Process and commentary, as shared by the film’s animators.
Before hearing from folks who actually worked on it, here’s my two cents:
Miguel the toxic fanboy: driven to destroy anyone and everyone between him and what he “protects”. From hunting Miles and screaming at him that he, a person of colour, was never meant to be Spider-Man, to staring obsessively and furiously at his computer screens, and assuring his cultists that they are the “good guys”; who looks like the idealised brooding superhero, but is in actuality the menacing villain of someone else’s story… how isn’t his character a commentary on toxic fandom?
A fantastic film full of rich storytelling and attention to detail is likely to inspire myriad video essays and breakdowns. One which caught my eye is schnee‘s on Spider-Verse 2‘s Most Well Written Scene (Gwen & Dad) – and what this analysis may lack in polish, it more than makes up for in compelling observations about lean writing and tiny, but important, character moments:
“This is the ‘Han Shot First’ of the Spider-Verse” – schnee has also compiled a thread of alterations made to the film’s digital release version from its theatrical release version, yet another sad exhibit of streaming media’s erasure of our collective pop cultural memory and shared experience:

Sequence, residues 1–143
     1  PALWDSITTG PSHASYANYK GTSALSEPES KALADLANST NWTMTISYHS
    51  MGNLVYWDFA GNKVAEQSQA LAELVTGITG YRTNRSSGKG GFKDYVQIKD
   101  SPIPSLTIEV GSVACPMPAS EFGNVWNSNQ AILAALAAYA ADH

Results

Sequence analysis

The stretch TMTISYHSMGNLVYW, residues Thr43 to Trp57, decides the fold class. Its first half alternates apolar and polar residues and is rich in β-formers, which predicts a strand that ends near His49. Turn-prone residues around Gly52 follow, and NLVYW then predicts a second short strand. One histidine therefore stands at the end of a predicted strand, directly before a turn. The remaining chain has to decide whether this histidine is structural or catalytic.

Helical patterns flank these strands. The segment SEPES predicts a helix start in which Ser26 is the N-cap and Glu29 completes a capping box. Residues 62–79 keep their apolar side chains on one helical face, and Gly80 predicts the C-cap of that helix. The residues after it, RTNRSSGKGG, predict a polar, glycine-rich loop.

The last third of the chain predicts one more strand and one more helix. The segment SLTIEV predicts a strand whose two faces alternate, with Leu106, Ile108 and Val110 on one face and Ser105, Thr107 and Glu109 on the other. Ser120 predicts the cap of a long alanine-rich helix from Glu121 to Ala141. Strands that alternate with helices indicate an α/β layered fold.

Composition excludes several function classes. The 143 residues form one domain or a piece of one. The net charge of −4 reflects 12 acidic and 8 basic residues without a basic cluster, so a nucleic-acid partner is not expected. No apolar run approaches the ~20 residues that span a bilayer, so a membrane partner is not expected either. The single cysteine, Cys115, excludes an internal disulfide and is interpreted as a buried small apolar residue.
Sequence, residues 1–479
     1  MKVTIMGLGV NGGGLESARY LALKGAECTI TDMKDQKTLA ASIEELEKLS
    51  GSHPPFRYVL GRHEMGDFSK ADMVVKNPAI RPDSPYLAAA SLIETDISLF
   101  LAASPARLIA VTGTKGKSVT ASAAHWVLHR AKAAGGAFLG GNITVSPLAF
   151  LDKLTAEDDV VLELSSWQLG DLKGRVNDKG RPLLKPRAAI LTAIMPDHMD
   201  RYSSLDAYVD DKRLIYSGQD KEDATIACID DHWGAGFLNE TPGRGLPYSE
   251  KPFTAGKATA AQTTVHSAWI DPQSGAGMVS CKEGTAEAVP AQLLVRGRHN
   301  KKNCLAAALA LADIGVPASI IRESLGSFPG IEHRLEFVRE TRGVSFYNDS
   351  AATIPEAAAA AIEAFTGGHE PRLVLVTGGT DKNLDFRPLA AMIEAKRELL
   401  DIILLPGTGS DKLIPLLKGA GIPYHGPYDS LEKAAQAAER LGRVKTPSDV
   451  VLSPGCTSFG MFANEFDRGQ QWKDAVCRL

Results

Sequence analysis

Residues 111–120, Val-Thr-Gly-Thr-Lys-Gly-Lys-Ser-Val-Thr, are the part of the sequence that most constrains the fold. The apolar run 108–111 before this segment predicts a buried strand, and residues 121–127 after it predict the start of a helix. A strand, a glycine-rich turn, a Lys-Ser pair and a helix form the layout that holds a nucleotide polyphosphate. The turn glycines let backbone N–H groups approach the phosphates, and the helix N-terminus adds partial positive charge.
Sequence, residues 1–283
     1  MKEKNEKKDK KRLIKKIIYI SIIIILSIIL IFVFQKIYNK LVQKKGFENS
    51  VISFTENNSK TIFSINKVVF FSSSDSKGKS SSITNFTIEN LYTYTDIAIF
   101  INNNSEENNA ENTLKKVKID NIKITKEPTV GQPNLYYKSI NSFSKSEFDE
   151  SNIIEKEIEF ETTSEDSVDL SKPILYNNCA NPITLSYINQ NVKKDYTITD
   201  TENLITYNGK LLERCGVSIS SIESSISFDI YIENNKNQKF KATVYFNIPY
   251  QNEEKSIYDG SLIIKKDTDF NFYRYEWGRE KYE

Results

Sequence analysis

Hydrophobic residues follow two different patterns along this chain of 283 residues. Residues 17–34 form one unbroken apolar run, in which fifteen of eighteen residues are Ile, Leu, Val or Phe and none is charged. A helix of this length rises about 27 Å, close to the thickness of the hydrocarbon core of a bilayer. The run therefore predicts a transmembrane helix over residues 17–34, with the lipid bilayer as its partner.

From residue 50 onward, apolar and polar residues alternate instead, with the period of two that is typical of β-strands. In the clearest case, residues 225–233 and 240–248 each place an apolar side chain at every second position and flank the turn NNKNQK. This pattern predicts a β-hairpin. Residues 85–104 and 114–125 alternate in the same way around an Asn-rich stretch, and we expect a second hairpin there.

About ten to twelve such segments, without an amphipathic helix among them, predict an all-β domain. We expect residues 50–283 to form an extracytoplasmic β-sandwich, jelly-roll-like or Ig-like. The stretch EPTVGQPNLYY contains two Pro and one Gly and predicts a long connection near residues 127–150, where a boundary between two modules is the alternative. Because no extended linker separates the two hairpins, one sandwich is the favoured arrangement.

Karan Soni, who plays Pavitr Prabhakar aka Spider-Man: India, on the collaborative process behind his character’s development:
In this long but worthwhile discussion, Jessie Gender and friends trace myriad signifiers of minority and counter-cultural archetypes within the film’s text, key to Unraveling The Spider-Verse‘s Queerness:
And one more from schnee, all about the scene-stealing Hobie (Daniel Kaluuya), which reads his grassroots anti-facism through the lens of the writing of George B. N. Ayittey, notes the surprisingly layered, thematically detailed way in which his character is crafted, and demonstrates how these details reveal themselves only upon rewatch: